Hella Pick

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Hella Henrietta Pick (born 24 April 1929) is a British-Austrian journalist and author of Austrian descent.


Pick went to school in the Lake District. She also studied at the London School of Economics.[1]


From 1961 to 1997, she was on the staff of The Guardian newspaper, working as UN correspondent, Washington correspondent, East-West affairs correspondent, Diplomatic Editor, and Associate Foreign Affairs Editor.

She has been a frequent contributor to BBC news programmes and often appears on German and Austrian television.[2]

IRD contact

Pick was one of around 100 journalists who were contacts for the Information Research Department.

IRD's main targets were in the Third World - "hitting back at Russian propaganda as hard as we could," as Mayhew puts it. It also set out to "be of use to" British media and opinion formers. As well as supplying material to the BBC World Service secret lists were compiled of approved journalists and trade unionists to whom material was offered if not always accepted. More often IRD simply offered quite straightforward research help. Recipients - often experts in their own fields - could and did judge its quality. By the time IRD was finally purged, one of its list contained a cross section of the General Council of the TUC. The journalist list contained about 100 names.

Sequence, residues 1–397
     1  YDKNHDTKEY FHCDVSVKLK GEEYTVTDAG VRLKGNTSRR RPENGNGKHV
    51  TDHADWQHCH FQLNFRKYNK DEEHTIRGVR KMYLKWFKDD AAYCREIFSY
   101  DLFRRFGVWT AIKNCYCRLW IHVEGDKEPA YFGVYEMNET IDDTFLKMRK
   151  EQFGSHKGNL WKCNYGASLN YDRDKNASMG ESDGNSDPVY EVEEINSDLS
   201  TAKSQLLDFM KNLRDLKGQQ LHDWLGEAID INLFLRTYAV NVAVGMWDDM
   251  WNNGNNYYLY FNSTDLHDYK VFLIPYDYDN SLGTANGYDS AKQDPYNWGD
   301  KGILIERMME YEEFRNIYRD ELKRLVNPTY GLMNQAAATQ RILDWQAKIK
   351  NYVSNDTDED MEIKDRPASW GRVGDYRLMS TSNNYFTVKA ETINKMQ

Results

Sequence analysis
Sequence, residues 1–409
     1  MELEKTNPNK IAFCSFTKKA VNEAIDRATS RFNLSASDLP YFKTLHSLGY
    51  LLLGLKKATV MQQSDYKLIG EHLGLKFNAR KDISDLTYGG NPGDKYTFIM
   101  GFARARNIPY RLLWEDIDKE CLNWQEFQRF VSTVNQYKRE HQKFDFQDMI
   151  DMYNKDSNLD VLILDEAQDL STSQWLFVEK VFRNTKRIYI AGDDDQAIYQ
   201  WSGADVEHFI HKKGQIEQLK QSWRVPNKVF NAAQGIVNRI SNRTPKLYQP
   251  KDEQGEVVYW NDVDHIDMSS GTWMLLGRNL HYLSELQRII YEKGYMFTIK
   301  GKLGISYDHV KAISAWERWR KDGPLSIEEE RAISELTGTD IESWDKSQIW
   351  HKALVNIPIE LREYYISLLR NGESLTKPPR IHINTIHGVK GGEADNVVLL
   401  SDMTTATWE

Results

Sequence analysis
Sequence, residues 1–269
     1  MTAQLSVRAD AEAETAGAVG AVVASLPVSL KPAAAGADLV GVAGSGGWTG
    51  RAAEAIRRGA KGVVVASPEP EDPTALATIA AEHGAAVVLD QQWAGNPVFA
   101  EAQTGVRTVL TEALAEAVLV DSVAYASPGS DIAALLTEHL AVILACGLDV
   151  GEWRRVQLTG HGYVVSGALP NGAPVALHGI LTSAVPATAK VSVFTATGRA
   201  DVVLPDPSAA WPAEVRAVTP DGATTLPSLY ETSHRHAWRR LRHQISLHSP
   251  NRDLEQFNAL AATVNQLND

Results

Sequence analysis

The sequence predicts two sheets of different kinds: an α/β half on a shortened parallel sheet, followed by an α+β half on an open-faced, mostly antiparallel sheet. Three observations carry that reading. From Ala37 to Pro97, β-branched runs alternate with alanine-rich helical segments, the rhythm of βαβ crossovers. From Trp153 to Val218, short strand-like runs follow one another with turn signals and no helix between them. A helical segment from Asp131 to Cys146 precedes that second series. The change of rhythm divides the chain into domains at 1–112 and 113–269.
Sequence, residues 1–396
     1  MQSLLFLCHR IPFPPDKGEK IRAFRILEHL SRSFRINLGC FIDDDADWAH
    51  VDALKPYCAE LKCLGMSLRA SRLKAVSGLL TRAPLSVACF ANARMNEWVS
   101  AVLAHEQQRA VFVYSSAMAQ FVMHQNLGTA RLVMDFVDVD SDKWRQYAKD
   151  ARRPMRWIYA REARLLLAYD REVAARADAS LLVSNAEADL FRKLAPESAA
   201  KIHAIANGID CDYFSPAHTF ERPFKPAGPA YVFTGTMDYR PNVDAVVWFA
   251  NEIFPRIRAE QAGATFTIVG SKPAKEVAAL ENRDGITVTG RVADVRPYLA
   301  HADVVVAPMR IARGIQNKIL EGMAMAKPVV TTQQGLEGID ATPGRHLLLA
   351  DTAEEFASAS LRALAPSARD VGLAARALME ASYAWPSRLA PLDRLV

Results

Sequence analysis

Those we have traced include two Labour journalist MPs, Roderick MacFarquhar and Colin Jackson. There were three writers connected with the Financial Times; five from the Times ; two from the Observer ; five from the Sunday Times ; five from the Telegraph ; six from the Economist ; one from the Daily Mail ; two from the Mirror ; one from the Sunday Mirror ; and one from the Express.
Guardian journalists on the lists included Hella Pick, Michael Simmons, Ian Wright and Victor Zorza.
Other journalists were informally blacklisted as politically undesirable or had assistance withdrawn if they became politically embarrassing.
British introductions to IRD were made discreetly; one distinguished liberal journalist recalls how he was taken to lunch at a London club by his retiring predecessor in the newspaper who passed him on to his IRD contact. All journalists were told as little as possible about the Department. Material was sent to their homes under plain cover. Correspondence marked "personal" carries no departmental identification or reference.
They were told documents were "prepared" in the FCO primarily for members of the diplomatic service, but are allowed to give them on a personal basis to a few people outside the service who might find them of interest...they are not statements of official policy and should not be attributed to HMG, nor should the titles themselves be quoted in discussion or in print. The papers should not be shown to anyone else and they should be destroyed when no longer needed.[3]




  • Hella Pick, Guilty Victim - Austria from the Holocaust to Haider, I.B. Tauris (17 July 2000)
  • Hella Pick, Simon Wiesenthal: A Life In Search Of Justice, W&N; First Edition edition (15 April 1996).



  1. Hella Pick, My family and other enemy aliens, The Guardian, 17 March 2000. Last accessed 10 March 2020.
  2. 2.0 2.1 2.2 2.3 Hella Pick, University of Sussex. Last accessed 10 March 2020
  3. David Leigh, Death of the department that never was, Guardian Friday 27 January 1978, page 13
  4. Board and Advisors, Institute for Strategic Dialogue. Last accessed 10 March 2020.